Video: Some tried as adults

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    >>> meredith.

    >>> some of the massachusetts teenagers arrested in the bullying case that led to the suicide of 15-year-old phoebe prince are in court today. nbc 's jeff rossen is in northampton, massachusetts with the latest. jeff, good morning to you.

    >> reporter: hey, meredith, good morning. the arraignment is set for 2:00 p.m . here today at the courthouse. there is a lot on the line, a lot at stake for these kids. most of the bullies are charged here as adults. which means, if convicted, even if they are not convicted, this case could stick with them forever, for the rest of their lives. also this morning, we're learning new information about why the bullying began. from the halls of south hadley high to the halls of justice, the nonstop bullying that officials say drove 15-year-old phoebe prince to suicide will play out today in criminal court . the alleged bullies , mostly girls, are charged with stalking and other felony counts. these two boys are charged with statutory rape . friends say both dated phoebe . one of them is the school 's star football player.

    >> she was new, she was pretty. she was dating the football player, and his girlfriend got jealous.

    >> reporter: that's one of the girls charged with bullying phoebe .

    >> yeah.

    >> reporter: so you think they did this all out of jealousy?

    >> i think this was out of jealousy.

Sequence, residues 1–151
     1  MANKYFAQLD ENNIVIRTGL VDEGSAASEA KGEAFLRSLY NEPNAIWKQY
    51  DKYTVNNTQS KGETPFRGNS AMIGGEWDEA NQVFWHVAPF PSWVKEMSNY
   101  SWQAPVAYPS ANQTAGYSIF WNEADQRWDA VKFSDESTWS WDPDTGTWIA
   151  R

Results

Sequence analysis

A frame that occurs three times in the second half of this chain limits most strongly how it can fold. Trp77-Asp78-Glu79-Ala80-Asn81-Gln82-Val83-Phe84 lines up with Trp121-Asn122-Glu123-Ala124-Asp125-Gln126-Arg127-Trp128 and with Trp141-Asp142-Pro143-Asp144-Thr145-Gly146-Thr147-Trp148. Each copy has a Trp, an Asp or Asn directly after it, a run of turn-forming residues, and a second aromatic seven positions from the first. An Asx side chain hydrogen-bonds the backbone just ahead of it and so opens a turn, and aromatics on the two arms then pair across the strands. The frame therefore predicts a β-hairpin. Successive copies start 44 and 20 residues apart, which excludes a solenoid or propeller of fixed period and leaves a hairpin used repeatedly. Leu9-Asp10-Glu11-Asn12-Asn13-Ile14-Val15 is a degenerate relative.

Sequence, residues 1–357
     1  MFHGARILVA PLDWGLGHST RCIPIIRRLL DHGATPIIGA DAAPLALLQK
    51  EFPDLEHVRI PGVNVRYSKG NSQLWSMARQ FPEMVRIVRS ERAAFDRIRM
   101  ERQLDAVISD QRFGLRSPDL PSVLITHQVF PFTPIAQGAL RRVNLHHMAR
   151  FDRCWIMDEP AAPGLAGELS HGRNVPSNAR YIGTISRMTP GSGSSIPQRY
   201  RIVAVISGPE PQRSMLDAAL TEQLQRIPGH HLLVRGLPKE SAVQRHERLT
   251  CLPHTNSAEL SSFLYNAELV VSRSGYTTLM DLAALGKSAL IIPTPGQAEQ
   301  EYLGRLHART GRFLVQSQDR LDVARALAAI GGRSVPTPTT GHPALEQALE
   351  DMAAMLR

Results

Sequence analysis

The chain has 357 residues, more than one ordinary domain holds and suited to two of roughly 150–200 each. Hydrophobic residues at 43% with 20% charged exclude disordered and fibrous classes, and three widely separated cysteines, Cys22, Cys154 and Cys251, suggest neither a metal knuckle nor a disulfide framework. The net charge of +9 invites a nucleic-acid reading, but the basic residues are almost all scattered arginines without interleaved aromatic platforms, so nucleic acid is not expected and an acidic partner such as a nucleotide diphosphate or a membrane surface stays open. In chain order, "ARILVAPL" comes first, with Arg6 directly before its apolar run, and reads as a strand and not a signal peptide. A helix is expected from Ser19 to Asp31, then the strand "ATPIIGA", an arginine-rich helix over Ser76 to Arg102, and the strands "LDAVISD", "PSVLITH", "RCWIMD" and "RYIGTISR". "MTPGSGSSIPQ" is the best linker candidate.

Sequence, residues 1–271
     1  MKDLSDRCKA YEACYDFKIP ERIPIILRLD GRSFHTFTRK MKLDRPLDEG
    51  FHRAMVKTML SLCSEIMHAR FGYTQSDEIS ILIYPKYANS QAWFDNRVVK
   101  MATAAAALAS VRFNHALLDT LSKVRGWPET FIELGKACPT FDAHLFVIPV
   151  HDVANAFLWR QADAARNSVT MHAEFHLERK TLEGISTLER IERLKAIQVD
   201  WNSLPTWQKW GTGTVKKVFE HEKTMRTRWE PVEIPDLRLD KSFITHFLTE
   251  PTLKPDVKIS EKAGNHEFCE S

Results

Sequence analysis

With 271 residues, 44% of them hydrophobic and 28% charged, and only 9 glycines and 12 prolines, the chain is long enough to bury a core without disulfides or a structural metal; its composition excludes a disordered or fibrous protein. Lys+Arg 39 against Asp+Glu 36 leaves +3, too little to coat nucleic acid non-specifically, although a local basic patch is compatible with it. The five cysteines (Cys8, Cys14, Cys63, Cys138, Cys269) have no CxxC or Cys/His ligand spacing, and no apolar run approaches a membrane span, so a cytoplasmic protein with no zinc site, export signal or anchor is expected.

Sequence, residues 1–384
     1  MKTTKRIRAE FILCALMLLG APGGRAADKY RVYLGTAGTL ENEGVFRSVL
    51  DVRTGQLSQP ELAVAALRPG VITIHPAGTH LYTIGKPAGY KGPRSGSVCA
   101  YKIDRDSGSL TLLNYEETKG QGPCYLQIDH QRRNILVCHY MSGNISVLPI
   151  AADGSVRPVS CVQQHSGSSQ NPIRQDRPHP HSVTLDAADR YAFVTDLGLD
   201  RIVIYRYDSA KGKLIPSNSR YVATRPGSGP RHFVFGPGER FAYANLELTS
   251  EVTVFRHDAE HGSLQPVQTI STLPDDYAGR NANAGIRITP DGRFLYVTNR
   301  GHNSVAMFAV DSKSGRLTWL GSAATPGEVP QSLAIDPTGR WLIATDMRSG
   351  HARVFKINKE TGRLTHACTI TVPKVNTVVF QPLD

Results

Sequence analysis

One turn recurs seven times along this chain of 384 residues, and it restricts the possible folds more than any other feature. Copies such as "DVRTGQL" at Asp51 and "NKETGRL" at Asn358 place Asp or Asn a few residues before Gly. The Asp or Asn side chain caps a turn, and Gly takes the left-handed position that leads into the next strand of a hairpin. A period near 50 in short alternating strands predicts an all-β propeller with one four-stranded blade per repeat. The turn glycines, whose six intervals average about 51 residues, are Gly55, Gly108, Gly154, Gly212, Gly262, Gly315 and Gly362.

>> reporter: friends say the alleged bullies dubbed "the mean girls " didn't even hang out together before this.

    >> they weren't like in the same groups together.

    >> reporter: so the common denominator here was this romantic jealousy over phoebe , you think.

    >> yeah, the majority are good kids, they get decent grades, they play sports. they're nice. you know?

    >> reporter: not the kind of kids you think of as bullies .

    >> no, you wouldn't think of them as bullies .

    >> reporter: if convicted, the boys could spend years in priz be and would have to register as sex offenders for life. the girls face serious jail time, too. one of the girl's attorneys spoke with us late mobbed.

    >> this has been a very trying experience on my client and her family. i believe she's been subject to massive public disdain and reprimand when there has not been any significant details or evidence that has been actually publicly made known to anyone.

    >> reporter: but prosecutors say the evidence is so strong, the bullying so torturous, they can try these kids as adults -- a rare move that could haunt the alleged bullies forever.

    >> parents aren't going to set the limits if school aren't going to set the limits. then the courts are. the message is you can't get away with what you're doing.

    >> nobody made them bully phoebe . they just chose to do it. i think it should be a good thing that it follows them for the rest of their life. they did it to her. it's kind of their fault.